Today, we celebrate the spirit of independence that exists within every human being. For many of us, the Declaration of Independence is a truly inspiring document, mostly because of the following words: "We hold these truths to be self-evident, that all men are created equal, that they are endowed by their Creator with certain unalienable Rights, that among these are Life, Liberty and the pursuit of Happiness."
I am moved by the fact that our nation was founded on the notion that each of us is born with the right to pursue Happiness--with a capital H. But having this right does not guarantee us happiness. In fact, we all know people for whom the pursuit of happiness seems to interfere with the actual experience of being happy. In fact, we ourselves might even be those people.
Benjamin Franklin observed, "The U. S. Constitution doesn't guarantee happiness, only the pursuit of it. You have to catch up with it yourself." How do we stop chasing happiness long enough to be happy? Part of the answer has to do with the recognition of an important paradox of human existence. At some levels, we are independent beings, but at others, we are very much interdependent. Our happiness depends, to some degree, on others.
For one thing, we do not exist independently of anyone. Our parents brought us into the world; our teachers showed us how to function in it; myriad people, animals, and plants helped to feed us; and the people and things we love have shaped our decisions and determined the course of our lives. In return, we need to acknowledge the role we play in the lives of others. The welfare of someone depends on us: our child, our pet, our spouse, our student. our neighbor.
We are interdependent (whether we like it or not). Our happiness is linked inextricably to that of others. That is why we have no choice but to be compassionate. In the words of the Dalai Lama, "If you want others to be happy, practice compassion. If you want to be happy, practice compassion.” To practice compassion means to adopt the other person's position, to identify with their suffering, and to do whatever we can to ease their burden.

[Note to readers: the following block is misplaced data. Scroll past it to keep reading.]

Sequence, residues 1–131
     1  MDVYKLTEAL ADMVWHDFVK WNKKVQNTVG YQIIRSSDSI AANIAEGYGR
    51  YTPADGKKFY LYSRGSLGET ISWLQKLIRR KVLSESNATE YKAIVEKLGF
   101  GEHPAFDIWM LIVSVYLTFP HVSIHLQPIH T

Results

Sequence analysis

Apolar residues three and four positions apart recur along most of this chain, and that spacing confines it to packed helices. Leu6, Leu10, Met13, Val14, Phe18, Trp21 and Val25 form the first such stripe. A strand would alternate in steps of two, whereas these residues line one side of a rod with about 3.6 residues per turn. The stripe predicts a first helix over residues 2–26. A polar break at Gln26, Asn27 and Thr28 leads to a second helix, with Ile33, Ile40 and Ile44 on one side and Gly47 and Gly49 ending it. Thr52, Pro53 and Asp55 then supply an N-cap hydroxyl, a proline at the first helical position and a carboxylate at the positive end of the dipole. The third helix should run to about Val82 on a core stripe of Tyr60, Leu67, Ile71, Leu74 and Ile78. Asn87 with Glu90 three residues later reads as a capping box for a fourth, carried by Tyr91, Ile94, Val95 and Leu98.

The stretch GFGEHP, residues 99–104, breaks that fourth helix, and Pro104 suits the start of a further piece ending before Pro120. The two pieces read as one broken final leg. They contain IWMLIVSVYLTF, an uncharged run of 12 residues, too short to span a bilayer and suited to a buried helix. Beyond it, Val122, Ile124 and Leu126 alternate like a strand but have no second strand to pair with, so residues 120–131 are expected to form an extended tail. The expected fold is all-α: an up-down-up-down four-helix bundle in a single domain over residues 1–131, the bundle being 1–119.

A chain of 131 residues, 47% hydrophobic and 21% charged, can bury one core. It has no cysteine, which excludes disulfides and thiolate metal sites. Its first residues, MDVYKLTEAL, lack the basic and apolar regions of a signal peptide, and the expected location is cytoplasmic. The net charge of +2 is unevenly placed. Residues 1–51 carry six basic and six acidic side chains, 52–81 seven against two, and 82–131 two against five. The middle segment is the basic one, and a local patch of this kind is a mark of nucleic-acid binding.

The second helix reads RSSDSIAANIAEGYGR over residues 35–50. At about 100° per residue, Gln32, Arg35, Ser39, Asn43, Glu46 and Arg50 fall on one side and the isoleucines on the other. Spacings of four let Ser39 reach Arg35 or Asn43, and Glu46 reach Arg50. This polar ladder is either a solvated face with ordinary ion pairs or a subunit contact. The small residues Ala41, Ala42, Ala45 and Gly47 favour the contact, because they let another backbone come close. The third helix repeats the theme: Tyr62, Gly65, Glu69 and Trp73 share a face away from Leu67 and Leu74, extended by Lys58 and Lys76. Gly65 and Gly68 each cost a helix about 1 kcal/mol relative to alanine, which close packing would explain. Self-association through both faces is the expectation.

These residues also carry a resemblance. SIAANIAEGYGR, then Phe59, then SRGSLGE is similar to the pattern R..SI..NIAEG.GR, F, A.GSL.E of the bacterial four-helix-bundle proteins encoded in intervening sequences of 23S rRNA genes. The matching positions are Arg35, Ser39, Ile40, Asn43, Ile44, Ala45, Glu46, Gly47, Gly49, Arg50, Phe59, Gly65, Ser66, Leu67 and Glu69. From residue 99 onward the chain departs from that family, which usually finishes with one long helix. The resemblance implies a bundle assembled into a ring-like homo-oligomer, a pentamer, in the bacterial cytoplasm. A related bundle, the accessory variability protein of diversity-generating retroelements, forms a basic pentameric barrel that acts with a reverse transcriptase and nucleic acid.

It is time for a Declaration of Interdependence. We stand to benefit limitlessly from acknowledging that all of us are in this together. By sharing our happiness with those around us and dedicating whatever benefits come our way to others so that they may benefit as well, we are only maximizing the stream of gifts that comes into our lives. The more we give away, the more we receive. It's really that simple.
I want to tell you about a powerful tool for inspiration. In the right hands, it can heal illness; lead to creative breakthroughs; overcome sadness, anxiety and grief; cause lives to change course; and even transform entire communities and societies. What is this extraordinary elixir? The answer is...PLAY! I have examples of how play has helped accomplish all of these ends. But the beauty of play is that we don't ever think of it as a tool. Play is its own reward. We do it purely for its own sake. And when we are really immersed in play, we're not worrying about the future or ruminating about the past. In fact, sometimes we might literally disappear into the act of play. Many times, I have lost myself entirely in play, forgetting about myself and the concerns of my life entirely. That is the beauty of play.
For me, play is a spiritual path as profound as any. Meditators wish for the kind of single-minded focus that children attain when they're playing. Spiritual devotees seek the kind of rapture that comes effortlessly to people doing something they really love--just for the fun of it!
I feel so strongly about the power and value of play that I wrote a book about it, The Way of Play. Here is the first half of a talk that I just gave to a book club associated with an organization called Mama Time:
By clicking on the book cover pic on that page, you'll be able to hear my talk and watch the accompanying slides. Because we ran out of time, I am looking forward to being invited back at a later date to do Part II of the presentation.
The story of how I ended up connecting with Mama Time is pretty amusing in its own right. I'm going to save that for a future Blog Post. In the meantime, let me know what you think of the presentation. Enjoy!
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